A Brief History of Photography
Dr. Makeda Best
During the 1830s, two different kinds of photographic images developed in France and England. The metal-based and mirror-like daguerreotype was invented in France in the 1830s by Louis-Jacques-Mandé Daguerre and Joseph-Nicéphore Niepce. The daguerreotype, named after Daguerre, who introduced it to the world in 1839, was made through a process that involved coating a copper plate with silver iodide, which was subsequently inserted into the camera and exposed. Later, to make the image appear, the plate was then exposed to mercury vapor, and made permanent with a salt solution. Concurrently, in England, William Henry Fox Talbot worked to create another photographic technique. His paper-based photographic technique, called the calotype, involved coating a sheet of paper with silver chloride, and exposing it to light in a camera, which produced a negative image. During this period, slow exposure times and bulky equipment meant that most photographic images were portraits and landscape views. Photographers all over the world followed Daguerre’s instructions and began making their own daguerreotypes. In the United States, for example, daguerreotype portraits were more popular than anywhere else in the world. Meanwhile, scientists such as Anna Atkins used Talbot's process to document the natural world.
Antietam, Md. Allan Pinkerton, President Lincoln, and Maj. Gen. John A. McClernand; another view: Photograph from the main eastern theater of the war, Battle of Antietam, September-October 1862. October 3, 1862. Antietam, Maryland. (Alexander Gardner / Library of Congress, Prints & Photographs Division, LC-DIG-cwpb-04326)
Around 1851, both of these techniques were largely replaced by a new technique called the wet collodion process, which was invented by Frederick Scott Archer of England. Instead of glass or paper, Archer’s process used a glass plate. The plate was coated with a sticky solution called “collodion” (cellulose nitrate) and iodine. After being placed in a silver nitrate solution to create silver iodide, the plate, “wet” with the photosensitive chemical solution, was immediately and carefully placed in the camera and exposed. Wars of this period were documented with the wet collodion method: During the mid-1850s, Englishman Roger Fenton documented the Crimean War. During the American Civil War, photographers—led by Alexander Gardner and Mathew Brady—laid the groundwork for contemporary photojournalism. Meanwhile, in the American West, photographer Carleton Watkins produced the first views of sites such as the Yosemite Valley. It was not until 1871 that a “dry” version was invented. Dry plates were precursors to modern film, and could be mass-produced and stored for later use.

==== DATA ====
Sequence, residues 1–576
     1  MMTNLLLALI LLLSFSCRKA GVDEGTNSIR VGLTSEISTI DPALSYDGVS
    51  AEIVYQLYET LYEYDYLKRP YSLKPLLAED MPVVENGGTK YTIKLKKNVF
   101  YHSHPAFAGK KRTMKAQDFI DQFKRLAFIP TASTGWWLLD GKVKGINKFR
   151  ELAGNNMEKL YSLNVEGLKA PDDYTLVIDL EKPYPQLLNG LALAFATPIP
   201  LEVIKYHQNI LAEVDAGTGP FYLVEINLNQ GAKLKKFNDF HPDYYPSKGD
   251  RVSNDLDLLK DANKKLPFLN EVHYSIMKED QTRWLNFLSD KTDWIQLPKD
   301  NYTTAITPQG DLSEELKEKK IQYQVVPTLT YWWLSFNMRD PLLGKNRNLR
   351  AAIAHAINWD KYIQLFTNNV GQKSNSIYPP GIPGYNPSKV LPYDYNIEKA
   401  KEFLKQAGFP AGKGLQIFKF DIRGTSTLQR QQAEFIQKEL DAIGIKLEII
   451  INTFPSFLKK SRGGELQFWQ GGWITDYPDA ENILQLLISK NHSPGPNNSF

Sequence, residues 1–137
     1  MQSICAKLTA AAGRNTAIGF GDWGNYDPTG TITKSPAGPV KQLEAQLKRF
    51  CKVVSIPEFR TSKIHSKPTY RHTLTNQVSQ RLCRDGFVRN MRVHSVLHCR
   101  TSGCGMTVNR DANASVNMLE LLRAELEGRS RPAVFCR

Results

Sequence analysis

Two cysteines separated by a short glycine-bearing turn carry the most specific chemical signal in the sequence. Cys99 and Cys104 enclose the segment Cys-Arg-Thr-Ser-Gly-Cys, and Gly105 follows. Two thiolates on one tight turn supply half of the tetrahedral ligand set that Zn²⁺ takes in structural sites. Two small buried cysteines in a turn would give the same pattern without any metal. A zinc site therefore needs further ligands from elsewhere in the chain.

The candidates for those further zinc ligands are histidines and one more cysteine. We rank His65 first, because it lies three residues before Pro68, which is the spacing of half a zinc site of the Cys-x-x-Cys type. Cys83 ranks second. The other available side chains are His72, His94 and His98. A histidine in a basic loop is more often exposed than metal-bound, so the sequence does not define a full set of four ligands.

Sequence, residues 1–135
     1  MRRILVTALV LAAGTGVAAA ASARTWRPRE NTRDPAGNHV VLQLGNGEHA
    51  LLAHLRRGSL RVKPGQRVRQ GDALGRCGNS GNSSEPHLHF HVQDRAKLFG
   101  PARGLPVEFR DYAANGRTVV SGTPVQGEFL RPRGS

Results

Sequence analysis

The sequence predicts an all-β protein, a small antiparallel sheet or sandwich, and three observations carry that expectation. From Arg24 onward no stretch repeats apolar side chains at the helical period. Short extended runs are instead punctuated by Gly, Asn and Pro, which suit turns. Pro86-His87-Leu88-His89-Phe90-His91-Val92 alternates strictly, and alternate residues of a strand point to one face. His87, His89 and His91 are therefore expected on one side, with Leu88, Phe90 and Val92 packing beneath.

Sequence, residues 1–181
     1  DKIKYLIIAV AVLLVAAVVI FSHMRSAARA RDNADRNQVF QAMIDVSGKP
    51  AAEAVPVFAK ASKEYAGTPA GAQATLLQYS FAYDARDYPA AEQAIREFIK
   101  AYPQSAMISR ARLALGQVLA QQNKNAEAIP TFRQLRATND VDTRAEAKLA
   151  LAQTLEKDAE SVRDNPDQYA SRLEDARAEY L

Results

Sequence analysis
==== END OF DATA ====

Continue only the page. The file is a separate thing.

In 1889, George Eastman of Rochester, New York, revolutionized photography with his camera kit intended for mass audiences. Until Eastman’s “Kodak” cameras, photography had required specific skills and facilities and expensive equipment. Eastman introduced easy-to-use cameras in 1889, and later pioneered roll film. For the first time, everyday people could make photographs—“snapshots”—of their lives. In fact, Eastman’s innovative advertising inspired users to do so.
In 1936, a new camera, fast and lightweight—called the Leica—made it possible to document life in real time. Although photographers since the late 1880s had been working to photograph motion—Eadweard Muybridge, for example—the Leica ushered in the modern era of capturing life as it unfolded. Parallel developments in printing technologies supported a burgeoning magazine industry, and soon, throughout the world, people learned about contemporary events through photographs. Throughout the first half of the twentieth century, photography expanded its presence in use across a variety of fields and in everyday life through magazines, newspapers, and other printed media. At home, the production of photographs became synonymous with domestic and familial life.
Although inventors and artists had experimented with color photography during the nineteenth century, color photography did not become viable until the early 1940s, which was soon after Eastman’s Kodak company introduced the first 35 mm color films. During the 1960s, color photography emphasized the harsh realities of the Vietnam War, and it expanded our perception of the universe through color photographs of earth. Color film dominated as a popular format until the late 1990s, when digital photography came into widespread use.